Saturday, 17 April 2010
Spring in the City
It's here at last, in bud, leaf and blossom. The skies are blue, wherever the volcanic ash cloud be lingering. Fotherington-Thomas was out and about on his bike last Wednesday, whizzing up to Maida Vale for a BBC Symphony Orchestra afternoon concert - a huge triumph for ten-year-old Lucien, if a little less so for his younger sister Jessica - then to London Bridge for a weekly engagement before wandering around to see what Southwark's been doing with the greening and on to Bengt Forsberg's brilliant, idiosyncratic recital at the Wigmore Hall.
Bengt led me on to a wave of Grainger enthusiasm, of which more in maybe the next entry, but for now I just want to expend a few pics on English city gardens. In the reclaimed zone around City Hall called Potters Fields, once a cemetery, there's been some adventurous planting, and even raised vegetable beds which seem to be respected in the public space.
So you get tantalising views of London Bridge and County Hall through trees
and beyond the herbaceous beds designed, the website tells me, by Piet Oudolf.
They have some growing up to do, but the peony shoots promise much.
Crossing Tooley Street, I was drawn to a magnolia gleaming in the sun. It's between council blocks on a patch of green before the viaduct.
Another pink magnolia in an unlikely place is on an otherwise bald road in Chelsea.
I saw it on my way back from Chelsea Physic Garden, where activity is slow; but the fruit trees begin to blossom
and I'd never seen a pitcher plant in its incipient state - just as creepy as the finished, fly-trapping monster.
Two final Spring blossoms for good measure: one by a posher Chelsea House on the King's Road
and another by the canal at Little Venice
taken on the way back from the Maida Vale concert. Effortless master Jiri Belohlavek continues his run of great concerts - this was certainly one - with the penultimate instalment in his Martinu symphonies series at the Barbican tonight. I'm talking on the Third, as well as a bit about Stravinsky's Symphony in Three Movements and Prokofiev's Second Piano Concerto, at 6pm in the big hall, so do come along and say hello.
Subscribe to: Post Comments (Atom)
Inspiring talk, and concert wonderful beyond words. Are you going to write about it?
Thanks, Thomas, and, yep, review up and running on The Arts Desk:
Not been so shaken up by a performance of a symphony since Rostropovich last conducted Shostakovich 8.
My wife and I bumped into you just after your talk at the Barbican yesterday and told you then just how greatly we had enjoyed it. It was really fascinating in its breadth and depth of cross-referencing, and your great enthusiasm for the Martinu Third was inspirational.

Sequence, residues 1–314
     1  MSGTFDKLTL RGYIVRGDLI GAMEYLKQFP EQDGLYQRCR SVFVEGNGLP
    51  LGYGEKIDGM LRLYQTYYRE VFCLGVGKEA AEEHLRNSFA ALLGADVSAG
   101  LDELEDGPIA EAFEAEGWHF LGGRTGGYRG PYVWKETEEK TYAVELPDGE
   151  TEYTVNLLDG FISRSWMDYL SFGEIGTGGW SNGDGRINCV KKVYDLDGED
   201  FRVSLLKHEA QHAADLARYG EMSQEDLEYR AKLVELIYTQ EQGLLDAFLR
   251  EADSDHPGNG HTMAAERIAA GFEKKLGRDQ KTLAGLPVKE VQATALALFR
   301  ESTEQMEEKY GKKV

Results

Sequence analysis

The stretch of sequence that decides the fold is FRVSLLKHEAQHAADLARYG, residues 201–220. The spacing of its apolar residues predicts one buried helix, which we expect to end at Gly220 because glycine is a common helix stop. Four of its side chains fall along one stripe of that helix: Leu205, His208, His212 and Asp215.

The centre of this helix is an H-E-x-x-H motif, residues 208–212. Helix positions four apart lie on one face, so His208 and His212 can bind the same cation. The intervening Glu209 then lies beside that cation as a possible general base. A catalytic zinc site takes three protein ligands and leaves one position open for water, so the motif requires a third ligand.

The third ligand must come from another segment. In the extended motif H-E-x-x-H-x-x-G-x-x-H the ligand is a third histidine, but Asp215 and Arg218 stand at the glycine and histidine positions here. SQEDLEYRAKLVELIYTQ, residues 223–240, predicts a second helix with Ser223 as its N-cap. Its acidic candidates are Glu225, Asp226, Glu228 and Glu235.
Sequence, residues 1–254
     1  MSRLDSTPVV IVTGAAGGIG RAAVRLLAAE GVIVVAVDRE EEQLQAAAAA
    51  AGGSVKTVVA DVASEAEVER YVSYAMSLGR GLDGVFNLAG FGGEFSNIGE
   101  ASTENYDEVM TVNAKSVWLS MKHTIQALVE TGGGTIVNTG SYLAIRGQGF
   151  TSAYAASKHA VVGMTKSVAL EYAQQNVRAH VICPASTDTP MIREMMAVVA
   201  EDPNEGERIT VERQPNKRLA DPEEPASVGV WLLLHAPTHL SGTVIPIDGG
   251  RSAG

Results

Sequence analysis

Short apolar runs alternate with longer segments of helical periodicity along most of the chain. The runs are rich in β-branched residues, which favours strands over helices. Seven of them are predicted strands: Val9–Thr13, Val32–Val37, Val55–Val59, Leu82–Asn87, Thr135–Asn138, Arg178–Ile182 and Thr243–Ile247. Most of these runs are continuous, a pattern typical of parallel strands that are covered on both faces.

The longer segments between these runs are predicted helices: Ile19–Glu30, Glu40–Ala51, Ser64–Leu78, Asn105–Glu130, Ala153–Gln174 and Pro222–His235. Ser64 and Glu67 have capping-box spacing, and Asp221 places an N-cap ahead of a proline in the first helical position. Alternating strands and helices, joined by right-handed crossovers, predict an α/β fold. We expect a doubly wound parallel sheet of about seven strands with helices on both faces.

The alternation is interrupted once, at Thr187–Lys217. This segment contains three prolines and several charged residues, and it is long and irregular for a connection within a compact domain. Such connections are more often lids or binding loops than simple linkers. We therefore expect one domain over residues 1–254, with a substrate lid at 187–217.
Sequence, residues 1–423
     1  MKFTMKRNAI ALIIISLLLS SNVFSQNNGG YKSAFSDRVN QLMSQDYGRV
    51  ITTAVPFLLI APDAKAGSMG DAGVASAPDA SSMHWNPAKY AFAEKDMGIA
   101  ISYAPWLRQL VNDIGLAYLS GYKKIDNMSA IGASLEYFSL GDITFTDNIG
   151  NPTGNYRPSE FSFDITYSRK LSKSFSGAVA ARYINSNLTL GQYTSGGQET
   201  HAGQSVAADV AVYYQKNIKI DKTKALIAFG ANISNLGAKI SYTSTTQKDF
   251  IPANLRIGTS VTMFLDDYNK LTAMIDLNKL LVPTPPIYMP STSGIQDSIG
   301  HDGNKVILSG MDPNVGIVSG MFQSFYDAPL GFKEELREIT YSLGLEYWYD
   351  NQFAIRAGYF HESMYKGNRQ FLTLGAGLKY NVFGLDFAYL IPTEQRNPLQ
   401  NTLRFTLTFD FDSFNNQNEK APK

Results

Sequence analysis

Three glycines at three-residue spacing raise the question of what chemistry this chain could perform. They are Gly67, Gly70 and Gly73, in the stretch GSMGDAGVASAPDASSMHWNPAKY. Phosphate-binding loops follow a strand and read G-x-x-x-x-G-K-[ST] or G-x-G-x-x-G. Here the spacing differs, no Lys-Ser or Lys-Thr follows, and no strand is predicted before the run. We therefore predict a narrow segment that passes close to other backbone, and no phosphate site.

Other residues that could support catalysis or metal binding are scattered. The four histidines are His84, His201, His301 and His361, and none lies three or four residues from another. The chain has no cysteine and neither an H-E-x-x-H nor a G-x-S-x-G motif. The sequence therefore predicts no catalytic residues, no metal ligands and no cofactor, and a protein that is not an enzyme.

Like you, I had been refreshing my memory of the piece from CD, never having heard it live, but I had not expected such an overwhelming experience, perhaps the most outstanding performance so far of an already superb series.
You are right. As you indicate in your very comprehensive review, the work really is a towering masterpiece. How many modern pieces offer such beatific resolution as those pages for strings of wondrously hovering translucence towards the end of the last movement? Sublime.
I have a question. Am I correct in recalling that you indicated in your talk that the BBCSO and Belohlavek have made separate studio recordings of all the symphonies? Will these be for commercial release, and under which label? Surprising, as a new cycle has gradually been appearing on Supraphon, but a cause for great celebration if we are to get an 'integrale' from these concerts.
Well, you certainly didn't look like a hedgehog when I met you. And if you're prickly, it can only be skin deep, for truly spiky folk aren't so generous with their praise...
Yesterday in the talk I asked Peter Jones, the BBC Assistant Producer, if the BBCSO Belohlavek cycle was being recorded separately in the studio and if I understood aright his answer was that the symphonies were live (with, I guess, a little patching - which would be good to have for a few string entries yesterday, though marvellous that the power of a live performance would be caught like that).
To be honest, I was swept up by the emotion of listening through to Jarvi's recording yesterday morning - I hadn't heard the Third for some time, and it just caught me by surprise. If I was helpless at the end of the recording, how much more so by the end of the evening.
Hope to see you again for talk and performance of the Fantaisies Symphoniques, which should be on a par.
Sorry - I didn't answer the question about the label, and the fact is I don't know, or have forgotten - DG, maybe, since they took the Janacek Broucek?
And it now occurs to me you might be Patrick L rather than the first gentleman + wife that I met, but I'm honoured whichever.
I and my wife were actually 'the first gentleman + wife’ to meet you as you came out of the Green Room area. I am indeed highly flattered if you were mistaking me for Patrick L! Funnily enough, I had just been discussing your talk with Patrick and his good lady, and he described that ravishing string passage to which I was referring as ‘levitation’, which I thought was wonderfully apposite to both the musical and emotional effect. However, I didn’t feel it was proper to use his word, although I was sorely tempted!
Anyway, sincere thanks for providing the information. It’s a marvellous prospect to have the impact of these live performances on disc. Can’t wait. If you get any information about publication dates, please do let us know. And we will be there for your talk on the Sixth.
Post a Comment